In Search of the House of the Rising Sun

ByABC News
September 12, 2000, 12:38 PM

N E W   O R L E A N S, Sept. 17 -- The man in the red wheelchair blows gently, guiding breath through his saxophone and into the world. Six feet away, his lanky partners fingers massage an electric guitar in a mournful strum.

Up the street a bit, tipsy exuberants wander a barscape of frozen drinks and plastic cups, raucous Cajun bands rattle their washboards and Preservation Halls Dixieland jazz sweats its spirited path into the night.

But not here. Not on this spot. This is a shadowy city corner at midnight, a place where Bourbon Street and indulgent evenings end. This is a place for the blues.

The sidewalk musicians do not sing. But passing couples, lubricated and listing, know the words. A few add lyrics, and the ballad takes shape: a prostitutes dirge in a minor key, an old lament about a wayward girl. There is a house in New Orleans

People come around that corner, from any country, they know it, says Reid Netterville, the 34-year-old guitarist who has played with saxophonist Milton Martin for 11 years right at this intersection. Its so deep in the heart of this culture.

Not surprising. For New Orleans is the home of the House of the Rising Sun the legend at least, and maybe once, long ago the reality.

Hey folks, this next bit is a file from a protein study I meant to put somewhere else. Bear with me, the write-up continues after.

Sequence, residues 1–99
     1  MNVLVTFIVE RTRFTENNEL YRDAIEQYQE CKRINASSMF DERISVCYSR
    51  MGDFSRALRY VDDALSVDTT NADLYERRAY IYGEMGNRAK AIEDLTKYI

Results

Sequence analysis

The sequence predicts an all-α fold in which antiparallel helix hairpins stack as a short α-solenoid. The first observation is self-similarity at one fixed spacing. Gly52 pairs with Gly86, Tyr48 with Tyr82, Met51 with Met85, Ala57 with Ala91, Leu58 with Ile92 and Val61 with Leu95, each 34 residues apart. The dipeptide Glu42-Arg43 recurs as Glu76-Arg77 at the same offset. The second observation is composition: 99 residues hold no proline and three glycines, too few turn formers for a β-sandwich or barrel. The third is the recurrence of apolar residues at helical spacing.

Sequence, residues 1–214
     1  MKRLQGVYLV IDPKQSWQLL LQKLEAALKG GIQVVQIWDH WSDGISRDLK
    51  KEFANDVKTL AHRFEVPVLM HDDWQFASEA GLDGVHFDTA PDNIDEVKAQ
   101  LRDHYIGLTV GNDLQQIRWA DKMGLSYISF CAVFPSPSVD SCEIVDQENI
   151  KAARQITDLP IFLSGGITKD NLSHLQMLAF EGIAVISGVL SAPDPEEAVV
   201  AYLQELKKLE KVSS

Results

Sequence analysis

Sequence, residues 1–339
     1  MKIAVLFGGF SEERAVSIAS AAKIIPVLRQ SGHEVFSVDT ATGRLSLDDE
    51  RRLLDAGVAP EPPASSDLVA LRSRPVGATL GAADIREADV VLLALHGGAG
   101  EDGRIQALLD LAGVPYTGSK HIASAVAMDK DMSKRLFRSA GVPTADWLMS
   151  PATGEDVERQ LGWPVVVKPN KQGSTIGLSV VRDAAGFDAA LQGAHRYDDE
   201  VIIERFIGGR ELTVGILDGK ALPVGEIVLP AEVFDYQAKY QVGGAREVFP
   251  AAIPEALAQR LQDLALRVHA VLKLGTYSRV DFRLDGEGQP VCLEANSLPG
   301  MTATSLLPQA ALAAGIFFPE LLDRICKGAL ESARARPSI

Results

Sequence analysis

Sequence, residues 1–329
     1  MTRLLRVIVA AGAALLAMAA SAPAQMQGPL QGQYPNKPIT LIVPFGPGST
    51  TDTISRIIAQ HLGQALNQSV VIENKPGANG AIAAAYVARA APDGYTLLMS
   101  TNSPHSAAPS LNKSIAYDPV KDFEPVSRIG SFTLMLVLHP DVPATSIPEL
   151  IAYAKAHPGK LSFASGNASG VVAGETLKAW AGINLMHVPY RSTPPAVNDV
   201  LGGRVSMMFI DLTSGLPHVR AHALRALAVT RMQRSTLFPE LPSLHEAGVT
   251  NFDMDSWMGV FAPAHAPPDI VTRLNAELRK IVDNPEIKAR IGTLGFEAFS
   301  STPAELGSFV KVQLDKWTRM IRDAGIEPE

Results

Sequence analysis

The song that launched the myth of a brothel where Southern girls met ruinous ends is known by all in New Orleans, though there is little indication it originated here. It probably arose from the citys 19th-century reputation as the Mississippi Deltas hub of vice and cons.

The History of New Orleans Music

The citys Storyville section was indeed notorious for its ample, open offerings of female flesh for sale. Madams used monikers like Gypsy Schaefer and Countess Willie Piazza, and in-house piano players called professors set sins to song.

More than that, though, this is a perfect locale for a song that has crossed genres with glee. For New Orleans, like the song itself, is a cultural, racial gumbo a Creole city where races and cultures and traditions mingled to form something entirely new. Ragtime rose to prominence here, and of course Dixieland Jazz owes its origins to the Crescent City.